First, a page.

On one of our recent projects, our client asked for a single search field that would be able to search on first name, last name and email address, with the only wildcard being an asterix ‘*’ for partial matches. Sounds simple, but it threw us for a little loop. In our project, we used QueryDSL in combination with JPA and MySQL as the underlying relational database management system.
This means that the default wildcards are ‘_’ for one character and ‘%’ for multiple characters. Supporting ‘*’ for partial matches was easy: we just replace ‘*’ by ‘%’ in our search string before passing it as a value to the JPA Query LIKE expression.
Our code then looked like this:
searchText = searchText.replace( "*", "%" ); query.where( user.email.like( searchText ).or( user.firstName.like( searchText ).or( user.lastName.like( searchText ) ) ) )
When searching on email@example.com at this point, the current query still returned two results: firstname.lastname@example.org and email@example.com.
The ‘_’ wildcard needed to be escaped, of course. But, as it turned out, it wasn’t quite that straightforward.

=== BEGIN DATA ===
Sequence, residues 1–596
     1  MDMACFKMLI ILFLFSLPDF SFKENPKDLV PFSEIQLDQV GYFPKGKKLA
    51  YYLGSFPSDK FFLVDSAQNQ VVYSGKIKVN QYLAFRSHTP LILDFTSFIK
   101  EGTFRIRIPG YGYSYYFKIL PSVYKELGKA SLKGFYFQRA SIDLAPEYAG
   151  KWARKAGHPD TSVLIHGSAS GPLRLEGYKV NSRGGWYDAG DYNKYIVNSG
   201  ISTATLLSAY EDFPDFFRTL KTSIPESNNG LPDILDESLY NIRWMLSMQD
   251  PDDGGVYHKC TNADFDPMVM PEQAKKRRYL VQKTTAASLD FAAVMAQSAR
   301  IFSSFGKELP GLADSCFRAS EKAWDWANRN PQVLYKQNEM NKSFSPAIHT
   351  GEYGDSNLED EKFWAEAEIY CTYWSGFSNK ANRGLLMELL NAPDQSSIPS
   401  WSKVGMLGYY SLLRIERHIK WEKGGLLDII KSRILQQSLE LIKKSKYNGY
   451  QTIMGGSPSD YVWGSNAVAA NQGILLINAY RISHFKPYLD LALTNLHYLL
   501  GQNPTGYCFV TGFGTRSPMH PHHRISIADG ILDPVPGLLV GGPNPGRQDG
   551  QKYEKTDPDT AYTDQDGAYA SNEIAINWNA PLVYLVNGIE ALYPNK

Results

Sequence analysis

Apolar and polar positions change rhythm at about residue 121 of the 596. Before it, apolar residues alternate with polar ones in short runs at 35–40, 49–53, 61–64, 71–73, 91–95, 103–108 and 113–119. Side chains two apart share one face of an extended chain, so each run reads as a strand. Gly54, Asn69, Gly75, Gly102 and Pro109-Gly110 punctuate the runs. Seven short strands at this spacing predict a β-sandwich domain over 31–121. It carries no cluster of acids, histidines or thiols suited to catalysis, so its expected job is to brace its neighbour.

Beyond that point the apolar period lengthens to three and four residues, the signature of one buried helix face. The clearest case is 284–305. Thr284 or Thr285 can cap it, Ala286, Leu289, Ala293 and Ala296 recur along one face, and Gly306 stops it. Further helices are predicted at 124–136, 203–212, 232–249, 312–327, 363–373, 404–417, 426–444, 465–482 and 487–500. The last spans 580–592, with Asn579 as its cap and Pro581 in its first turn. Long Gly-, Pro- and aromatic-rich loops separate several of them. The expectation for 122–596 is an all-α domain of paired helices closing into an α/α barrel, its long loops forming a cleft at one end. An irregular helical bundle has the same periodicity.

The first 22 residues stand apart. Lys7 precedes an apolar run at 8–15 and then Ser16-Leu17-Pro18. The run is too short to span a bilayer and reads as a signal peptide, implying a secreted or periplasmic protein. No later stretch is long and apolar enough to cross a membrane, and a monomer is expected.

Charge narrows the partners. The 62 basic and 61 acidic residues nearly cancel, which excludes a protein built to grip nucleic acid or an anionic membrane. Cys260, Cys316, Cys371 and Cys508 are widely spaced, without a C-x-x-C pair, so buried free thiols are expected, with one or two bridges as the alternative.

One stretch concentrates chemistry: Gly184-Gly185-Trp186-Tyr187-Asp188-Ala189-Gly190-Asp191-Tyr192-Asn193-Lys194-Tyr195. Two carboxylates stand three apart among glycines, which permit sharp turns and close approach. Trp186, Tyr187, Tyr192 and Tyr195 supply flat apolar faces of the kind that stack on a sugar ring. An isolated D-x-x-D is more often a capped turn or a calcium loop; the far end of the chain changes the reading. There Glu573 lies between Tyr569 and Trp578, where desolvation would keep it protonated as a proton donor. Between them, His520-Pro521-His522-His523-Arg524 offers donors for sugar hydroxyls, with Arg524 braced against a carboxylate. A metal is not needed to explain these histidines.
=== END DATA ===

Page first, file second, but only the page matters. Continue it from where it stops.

As defined by the JPQLTemplates class, the default escape character is ‘!’. This means that replacing ‘_’ by ‘!_’ in the search string should be enough.
searchText = searchText.replace( "_", "!_" ); searchText = searchText.replace( "*", "%" );
However, the tests showed that this wasn’t the case. After some debugging, and turning on SQL logging (which we turn off by default) we found out that the resulting SQL resolved to:
SELECT * FROM users WHERE email like 'firstname.lastname@example.org' escape '!';
Turns out the escape character itself was escaped. Initially, our Google Fu failed us a bit, but then we stumbled on this GitHub issue from 2013.
Apparently, actual escaping can only be forced by explicitly stating the escape character, even when it’s the same as the default escape character.
Adding the escape character to the QueryDSL expression solved our issue:
searchText = searchText.replace( "_", "!_" ); searchText = searchText.replace( "*", "%" ); query.where( user.email.like( searchText, '!' ).or( user.firstName.like( searchText, '!' ).or( user.lastName.like( searchText, '!' ) ) ) )
resolving to the SQL that we wanted:
SELECT * FROM users WHERE email like 'email@example.com' escape '!';
and generating the search results that fulfilled the requirement of our client: firstname.lastname@example.org
This is one we’ll never forget!
|Published on Java Code Geeks with permission by Andy Somers, partner at our JCG program. See the original article here: Exact Matching of a String Containing a Wild Card in QueryDSL|
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